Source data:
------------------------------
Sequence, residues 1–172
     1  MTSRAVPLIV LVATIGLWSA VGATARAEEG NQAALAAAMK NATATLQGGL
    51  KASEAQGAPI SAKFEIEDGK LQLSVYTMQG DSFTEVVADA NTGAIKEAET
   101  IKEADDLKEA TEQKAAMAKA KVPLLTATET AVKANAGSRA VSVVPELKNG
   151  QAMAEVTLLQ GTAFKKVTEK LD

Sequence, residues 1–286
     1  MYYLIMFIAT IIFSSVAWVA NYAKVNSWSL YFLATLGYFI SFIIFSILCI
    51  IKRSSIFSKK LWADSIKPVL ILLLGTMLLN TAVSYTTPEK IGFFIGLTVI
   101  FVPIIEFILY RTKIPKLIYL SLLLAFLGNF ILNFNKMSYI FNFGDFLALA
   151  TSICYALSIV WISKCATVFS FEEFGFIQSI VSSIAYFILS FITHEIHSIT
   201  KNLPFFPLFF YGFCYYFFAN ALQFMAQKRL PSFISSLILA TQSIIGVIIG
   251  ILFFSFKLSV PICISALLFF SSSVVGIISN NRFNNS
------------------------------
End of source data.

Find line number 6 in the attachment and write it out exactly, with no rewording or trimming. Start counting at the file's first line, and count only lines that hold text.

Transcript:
Sequence, residues 1–286